Larger Businesses To Benefit From Loans Of Up To £200 Million
Tuesday, 19 May 2020
Businesses will be able to benefit from larger loans under the Coronavirus Large Business Interruption Loan Scheme (CLBILS), the government announced today.
The maximum loan size available under the scheme will be increased from £50 million to £200 million, to help ensure those large firms which do not qualify for the Bank of England’s Covid Corporate Financing Facility (CCFF) have enough finance to meet cashflow needs during the outbreak.
The expanded loans, which have been introduced following discussions with lenders and business groups, will be available from 26 May.
- Borrowers under CLBILS will be able to borrow up to 25% of turnover, up to a maximum of £200 million; and
- Lenders who wish to offer larger loans will need to undergo further accreditation checks.
The restrictions in place will include:
- Dividends: Borrowers cannot make any dividend payments other than those that have already been declared;
- Share buyback: Borrowers agree not to make any share buybacks;
- Executive pay: Borrowers cannot pay any cash bonuses, or award any pay rises to senior management (including the board) except where they were:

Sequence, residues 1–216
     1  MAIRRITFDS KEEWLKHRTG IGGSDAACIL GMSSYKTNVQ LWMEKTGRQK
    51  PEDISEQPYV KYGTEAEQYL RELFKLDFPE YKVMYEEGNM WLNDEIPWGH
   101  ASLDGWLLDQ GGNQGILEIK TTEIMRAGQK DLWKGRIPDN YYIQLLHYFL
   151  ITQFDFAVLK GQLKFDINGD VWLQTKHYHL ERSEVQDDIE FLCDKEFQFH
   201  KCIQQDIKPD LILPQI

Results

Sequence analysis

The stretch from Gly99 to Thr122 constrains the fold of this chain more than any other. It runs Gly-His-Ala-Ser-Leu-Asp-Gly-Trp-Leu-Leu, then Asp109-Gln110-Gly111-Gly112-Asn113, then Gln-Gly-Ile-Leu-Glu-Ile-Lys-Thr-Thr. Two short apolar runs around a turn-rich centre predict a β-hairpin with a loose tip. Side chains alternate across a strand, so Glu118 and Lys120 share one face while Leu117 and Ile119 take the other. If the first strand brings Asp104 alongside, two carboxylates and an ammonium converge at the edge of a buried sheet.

- a) declared before the CLBILS loan was taken out;
- b) is in keeping with similar payments made in the preceding 12 months; and
- c) does not have a material negative impact on the borrower’s ability to repay the loan.
Commenting on the extension of the CLBILS scheme, Dr Liz Cameron OBE, Chief Executive of the Scottish Chambers of Commerce said:
“This is welcome news. The Treasury has continued to listen to the concerns of business and is making sensible changes to business support schemes.
These vital changes will make a real difference to companies, in particular larger firms.
Access to finance is a priority for businesses of all sizes and the changes to this scheme, coupled with the other lending support schemes available will make sure that companies get the help they need to see them through this economic crisis.”